Urine/Blood testing - easy to collect, but only tests what is circulating in the blood stream and kidneys, not what is in our tissues. A challenged urine can be used, when someone takes detox supplements before collecting the urine. The benefits of this is that you have better odds of finding toxins, but you still run the risk of having a false negative. Critics of this claim the test results would be negative without the detox supplements. My response to them is that the detox supplements did not create the toxicity, they helped identify the toxicity, and isn’t our goal in any testing to identify a problem?

Indirect testing - Other tests exist such as porphyrin testing and oxidative stress testing. These don’t analyze the actual toxin, but rather signs of toxic damage to the body. These are beneficial because there may be too many toxins to analyze on an individual basis, and what matters more is the complete body effect from all toxins, along with our body’s ability to remove these toxins and repair itself.

A 2017 meta-analysis of 44 studies stated that mercury levels in blood, RBC, and brain were higher in autism children compared to neurotypical, and hair mercury levels were lower in children with autism, and urine mercury levels were the same in all children. (J Trace Elem Med Biol. 2017 Dec;44:289-297.)

Whatever test or combination of tests you choose to use, you should test them periodically to check your progress.


GR: How does chelation support individuals with autism? What are considered types of chelators? 

JS:   Once you’ve decided toxicity is an issue with your child, talk to your biomedical doctor about different ways to remove the toxins. There are lots and lots of different ways to do this.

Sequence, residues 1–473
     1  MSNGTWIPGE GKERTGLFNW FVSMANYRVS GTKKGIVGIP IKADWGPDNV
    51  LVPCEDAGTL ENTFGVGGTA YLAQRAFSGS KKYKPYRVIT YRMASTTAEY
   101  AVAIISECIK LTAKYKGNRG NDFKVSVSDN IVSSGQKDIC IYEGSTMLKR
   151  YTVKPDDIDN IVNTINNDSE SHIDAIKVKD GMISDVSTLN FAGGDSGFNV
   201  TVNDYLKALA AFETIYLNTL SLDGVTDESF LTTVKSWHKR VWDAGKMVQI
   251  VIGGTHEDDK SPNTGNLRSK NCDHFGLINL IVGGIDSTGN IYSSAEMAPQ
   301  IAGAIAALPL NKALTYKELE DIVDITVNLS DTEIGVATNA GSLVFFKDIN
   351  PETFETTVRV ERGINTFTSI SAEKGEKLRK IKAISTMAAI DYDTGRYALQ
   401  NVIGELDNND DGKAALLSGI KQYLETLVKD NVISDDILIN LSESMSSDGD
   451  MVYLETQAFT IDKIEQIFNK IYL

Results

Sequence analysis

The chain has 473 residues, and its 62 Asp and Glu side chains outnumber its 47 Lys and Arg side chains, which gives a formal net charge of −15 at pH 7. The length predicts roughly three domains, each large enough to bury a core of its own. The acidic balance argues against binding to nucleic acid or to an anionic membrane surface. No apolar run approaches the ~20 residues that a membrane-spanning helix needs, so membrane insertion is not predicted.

The most extreme way, and going back to our assumptions on ‘chelation’, is to use IV or oral treatments of DMSA, EDTA, DMPS. These are effective, but carry high risks of side effects. Done correctly, and at the right dose, it is effective. A 2013 study stated that in primates and rodent studies, DMSA chelation therapy can alleviate certain types of lead-induced behavioral/cognitive dysfunction. (J Med Toxicol. 2013 Dec;9(4):326-38.)

There are other ways to remove toxins, which mostly include supporting the body’s own ability to detox using nutritional supplements. Let’s review how our liver works. There are 2 steps of liver detoxification.

Phase 1 includes the use of Cytochrome P450 enzymes (CYP450), which you can analyze your genetic Phase 1 detox abilities through Pharmacogenetic testing. Nutritional supplements such as B vitamins, antioxidants, and glutathione support this process.

Phase 2 includes different conjugation pathways that include methylation, sulfation, acetylation, glucoronidation, and conjugation with glutathione or amino acids. Nutritional supplements such as B vitamins, choline, cysteine, glutatione, antioxidants, and other amino acids support this process. Other liver nourishing herbs like milk thistle, or nutrient containing herbs like chlorella, also support this process.

Many cases of regressive autism are induced by acetaminophen toxicity, because this Phase 2 detox is genetically impaired with poor methylation and sulfation pathways. (J Int Med Res. 2017 Apr;45(2):407-438.)

Other types of treatments are also commonly used, such as ionic foot baths, saunas, epsom salt baths, clay baths, etc. The more research studies of before and after toxic analysis using these therapies will help us identify which are the most effective.


GR: When is the right time to consider chelation?  

JS:   Today. Not tomorrow. Today. Let me rephrase the question. When is the right time to help my child? The answer is always today. Toxicity is a serious issue that shouldn’t be ignored. With more and more research being published indicating higher levels of toxicity in children with autism, and with the obvious neurological, developmental, and behavioral problems caused by these toxins, we need to identify them and remove them. If genetic mutations alter the detoxification pathways and enzymes of a child, then we need to identify and treat.

Whatever word you want to choose: Chelation. Detoxification. Poisons. Remove them from your child. Safely, of course, and with the guidance of your child’s doctor.


About Dr. Jared Skowron

Dr. Jared Skowron created one of the largest biomedical autism clinics in New England, helping children for 15 years recover from the spectrum. He is on the Advisory Board of Autism Hope Alliance, and lectures at Generation Rescue Autism Education Summit, TACA, Autism One, and other international conferences. Interested in toxic testing and genetic testing? Contact his office at Dr. Skowron’s GF/DF biomedical supplements are easy to take! Learn more at